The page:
Daily Harvest News Service
Daily Harvest -- 1/12/2016
Here's your daily summary of top news from and other national and regional headlines from across the country. Do you know of someone who should also be on our list? Please ask them to click here.


Des Moines Register: Farmland prices holding up despite falling crop prices, Fed says
Link - A plunge in farmland values resembling the 1980s decline “remains unlikely,” with a shortage of acreage for sale helping to support prices, a Federal Reserve economist said Monday.

The Advocate: Louisiana’s sugar cane farmers see decent yields in 2015 despite challenging weather conditions
Link - Louisiana’s 2015 sugar cane harvest was a wet, muddy mess, according to farmers and industry experts as the last of the state’s 11 sugar mills were finishing up grinding for the season.

Associated Press: First-Ever Federal Rules for Offshore Fish Farming Issued
Link - The first-ever federal regulations for large-scale fish farming in the ocean were issued Monday, opening a new frontier in the harvesting of popular seafood species such as red drum, tuna and red snapper.


E & E News: Biofuel groups sue Obama admin over RFS
Link - Seven pro-biofuel organizations are challenging U.S. EPA's latest mandates under the renewable fuel standard program, the first of what many observers expect will be a long legal battle over the legally mandated arrangement.

Des Moines Register: Iowa scientists help drive energy transformation
Link - The next big breakthrough could spawn new industries that drive not only Iowa's economy but also the U.S. and world economies. Think utility-scale batteries, wind turbines as tall as the state’s largest building, or technologies that remove or store carbon dioxide.

Scientific American: Oklahoma Earthquakes Raise Calls for Restrictions on Energy Firms
Link - Earthquakes in Oklahoma in the past week, including one of the strongest ever recorded in the state, have led to calls for the governor to make changes to oil and gas drilling regulations and reduce seismic activity scientists link to the energy industry.


Agri-Pulse: Former activist explains his flip on anti-GMO stance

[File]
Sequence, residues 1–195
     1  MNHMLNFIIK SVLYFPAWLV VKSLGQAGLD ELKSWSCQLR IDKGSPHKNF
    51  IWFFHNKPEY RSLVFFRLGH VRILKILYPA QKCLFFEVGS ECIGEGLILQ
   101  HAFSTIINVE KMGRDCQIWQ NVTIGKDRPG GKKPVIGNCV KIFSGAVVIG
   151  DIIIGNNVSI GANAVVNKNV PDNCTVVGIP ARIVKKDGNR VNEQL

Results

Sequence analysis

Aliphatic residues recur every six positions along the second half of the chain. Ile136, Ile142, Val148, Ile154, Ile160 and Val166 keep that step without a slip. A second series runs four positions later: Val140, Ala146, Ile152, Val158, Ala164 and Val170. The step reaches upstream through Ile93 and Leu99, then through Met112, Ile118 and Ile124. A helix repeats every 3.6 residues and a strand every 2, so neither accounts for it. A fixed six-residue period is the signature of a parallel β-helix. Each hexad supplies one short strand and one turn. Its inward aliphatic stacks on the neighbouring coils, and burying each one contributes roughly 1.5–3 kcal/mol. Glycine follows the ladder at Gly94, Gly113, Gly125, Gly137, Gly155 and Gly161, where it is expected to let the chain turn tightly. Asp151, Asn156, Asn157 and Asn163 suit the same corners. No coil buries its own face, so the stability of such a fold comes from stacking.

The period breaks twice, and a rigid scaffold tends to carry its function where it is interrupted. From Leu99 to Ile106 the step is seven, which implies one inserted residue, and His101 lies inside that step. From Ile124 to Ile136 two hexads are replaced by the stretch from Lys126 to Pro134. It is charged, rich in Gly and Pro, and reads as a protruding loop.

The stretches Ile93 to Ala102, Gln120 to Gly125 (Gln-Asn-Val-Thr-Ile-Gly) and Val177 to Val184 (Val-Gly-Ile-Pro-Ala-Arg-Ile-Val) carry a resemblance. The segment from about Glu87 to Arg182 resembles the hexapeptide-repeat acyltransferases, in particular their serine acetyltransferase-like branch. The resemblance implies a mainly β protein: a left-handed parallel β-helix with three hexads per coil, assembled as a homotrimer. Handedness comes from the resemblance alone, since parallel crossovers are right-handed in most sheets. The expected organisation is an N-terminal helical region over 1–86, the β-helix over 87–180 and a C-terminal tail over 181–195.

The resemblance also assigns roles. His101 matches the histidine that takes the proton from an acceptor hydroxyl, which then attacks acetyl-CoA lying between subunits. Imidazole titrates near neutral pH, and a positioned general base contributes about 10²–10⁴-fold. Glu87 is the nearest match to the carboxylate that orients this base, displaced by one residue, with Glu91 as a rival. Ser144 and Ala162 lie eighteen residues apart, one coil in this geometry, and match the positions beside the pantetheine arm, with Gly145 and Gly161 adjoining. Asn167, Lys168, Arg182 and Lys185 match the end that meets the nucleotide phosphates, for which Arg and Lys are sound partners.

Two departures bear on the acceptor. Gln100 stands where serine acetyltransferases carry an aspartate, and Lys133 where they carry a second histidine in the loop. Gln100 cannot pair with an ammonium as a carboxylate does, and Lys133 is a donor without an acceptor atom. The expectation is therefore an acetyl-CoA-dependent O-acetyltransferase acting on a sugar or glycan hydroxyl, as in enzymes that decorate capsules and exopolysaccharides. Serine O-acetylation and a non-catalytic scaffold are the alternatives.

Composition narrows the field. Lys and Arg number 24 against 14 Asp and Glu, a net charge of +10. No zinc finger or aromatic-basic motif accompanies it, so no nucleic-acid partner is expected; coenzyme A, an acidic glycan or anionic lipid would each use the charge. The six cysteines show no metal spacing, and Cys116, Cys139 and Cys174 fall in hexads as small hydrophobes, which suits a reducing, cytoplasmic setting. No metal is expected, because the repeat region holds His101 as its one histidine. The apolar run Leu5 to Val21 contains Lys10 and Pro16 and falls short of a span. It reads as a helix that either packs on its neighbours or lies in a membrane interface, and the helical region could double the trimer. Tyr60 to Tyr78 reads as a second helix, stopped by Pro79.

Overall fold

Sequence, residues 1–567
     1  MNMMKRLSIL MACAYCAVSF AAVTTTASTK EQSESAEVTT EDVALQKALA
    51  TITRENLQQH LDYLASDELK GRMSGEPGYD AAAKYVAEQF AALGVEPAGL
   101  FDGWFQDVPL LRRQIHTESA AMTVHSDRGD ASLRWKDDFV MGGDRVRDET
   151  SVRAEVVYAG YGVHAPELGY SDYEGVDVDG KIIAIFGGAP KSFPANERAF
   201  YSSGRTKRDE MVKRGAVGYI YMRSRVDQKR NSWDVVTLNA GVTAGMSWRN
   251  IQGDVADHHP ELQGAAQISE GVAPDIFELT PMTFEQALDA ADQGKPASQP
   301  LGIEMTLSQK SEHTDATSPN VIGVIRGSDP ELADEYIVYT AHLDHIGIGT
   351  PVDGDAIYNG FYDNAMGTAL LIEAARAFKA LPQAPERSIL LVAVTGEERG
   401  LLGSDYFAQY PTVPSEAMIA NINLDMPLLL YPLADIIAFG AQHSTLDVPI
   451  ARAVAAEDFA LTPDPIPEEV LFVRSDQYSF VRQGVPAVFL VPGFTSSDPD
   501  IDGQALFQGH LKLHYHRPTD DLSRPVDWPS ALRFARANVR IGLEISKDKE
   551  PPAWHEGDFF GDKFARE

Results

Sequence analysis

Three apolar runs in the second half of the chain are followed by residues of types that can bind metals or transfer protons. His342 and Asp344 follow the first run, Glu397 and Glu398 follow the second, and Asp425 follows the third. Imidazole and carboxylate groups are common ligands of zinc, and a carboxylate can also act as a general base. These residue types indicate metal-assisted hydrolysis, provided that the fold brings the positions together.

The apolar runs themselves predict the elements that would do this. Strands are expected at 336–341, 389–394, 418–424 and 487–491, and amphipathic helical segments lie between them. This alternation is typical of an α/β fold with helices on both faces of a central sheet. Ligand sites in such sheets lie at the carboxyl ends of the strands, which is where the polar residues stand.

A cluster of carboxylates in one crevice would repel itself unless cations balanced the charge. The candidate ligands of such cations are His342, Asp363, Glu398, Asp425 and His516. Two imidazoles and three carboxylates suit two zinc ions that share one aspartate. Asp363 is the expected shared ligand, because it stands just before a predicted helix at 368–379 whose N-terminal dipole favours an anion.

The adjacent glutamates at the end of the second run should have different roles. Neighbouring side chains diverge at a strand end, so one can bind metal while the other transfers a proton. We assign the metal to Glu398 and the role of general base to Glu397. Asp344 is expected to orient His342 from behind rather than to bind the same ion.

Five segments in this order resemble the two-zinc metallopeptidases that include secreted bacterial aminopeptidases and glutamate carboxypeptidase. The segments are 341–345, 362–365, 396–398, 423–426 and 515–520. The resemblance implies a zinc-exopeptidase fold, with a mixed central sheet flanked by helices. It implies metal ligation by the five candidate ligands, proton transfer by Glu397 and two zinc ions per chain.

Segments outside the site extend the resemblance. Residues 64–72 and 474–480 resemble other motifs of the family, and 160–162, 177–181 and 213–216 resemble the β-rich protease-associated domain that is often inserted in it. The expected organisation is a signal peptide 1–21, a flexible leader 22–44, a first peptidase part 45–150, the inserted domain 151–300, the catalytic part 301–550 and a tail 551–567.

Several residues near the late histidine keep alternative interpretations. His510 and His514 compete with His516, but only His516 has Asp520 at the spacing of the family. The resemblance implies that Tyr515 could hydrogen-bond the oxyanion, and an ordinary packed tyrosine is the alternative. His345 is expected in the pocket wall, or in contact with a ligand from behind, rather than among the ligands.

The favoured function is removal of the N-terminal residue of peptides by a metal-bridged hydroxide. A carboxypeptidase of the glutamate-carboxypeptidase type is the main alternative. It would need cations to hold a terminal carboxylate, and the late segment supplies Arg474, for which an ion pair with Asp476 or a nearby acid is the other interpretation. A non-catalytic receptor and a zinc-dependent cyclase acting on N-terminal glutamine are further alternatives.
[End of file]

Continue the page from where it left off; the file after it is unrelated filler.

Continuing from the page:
Link - (Audio) Mark Lynas was once a soldier in the fight against genetically modified crops, but in 2013, the British author and environmental activist changed his mind after reviewing the science behind the technology.

Agri-Pulse: The Dietary Guidelines: In Perspective
Link - (Opinion) The new Dietary Guidelines, after much concern, turned out to be the best to date.

Atlanta Journal-Constitution: Feds to pay Georgians $22 million in food stamp lawsuit
Link - The U.S. Agriculture Department will pay 48,000 Georgia households a total of $22 million in a lawsuit settlement stemming from the state’s problems with providing food stamps.

Wall Street Journal: Supreme Court Denies Nestle, Cargill, ADM Appeal in Slave Labor Case
Link - The Supreme Court on Monday declined to consider an appeal by three major companies seeking the dismissal of a lawsuit alleging they aided and abetted child slave labor on cocoa plantations in Africa.

Reuters: Nestle signs $120 million deal with Seres for 'healthy gut' drugs
Link - Nestle is investing in U.S.-based Seres Therapeutics for a third time in a year, this time injecting $120 million to develop and commercialize medicines aimed at restoring a healthy bacteriological balance in the human digestive system.

ABC News: Blue Bell Says Ice Cream Safe Despite Potential Concern
Link - Blue Bell Creameries sought to reassure customers Monday that its ice cream in safe, even as the Texas company tries to determine whether listeria has again been found at one of its plants.

Washington Post: Why a food you have never heard of could be key to feeding the world
Link - The United Nations declared 2016 the International Year of Pulses, a global marketing effort promoting the legume’s promise in feeding a growing population.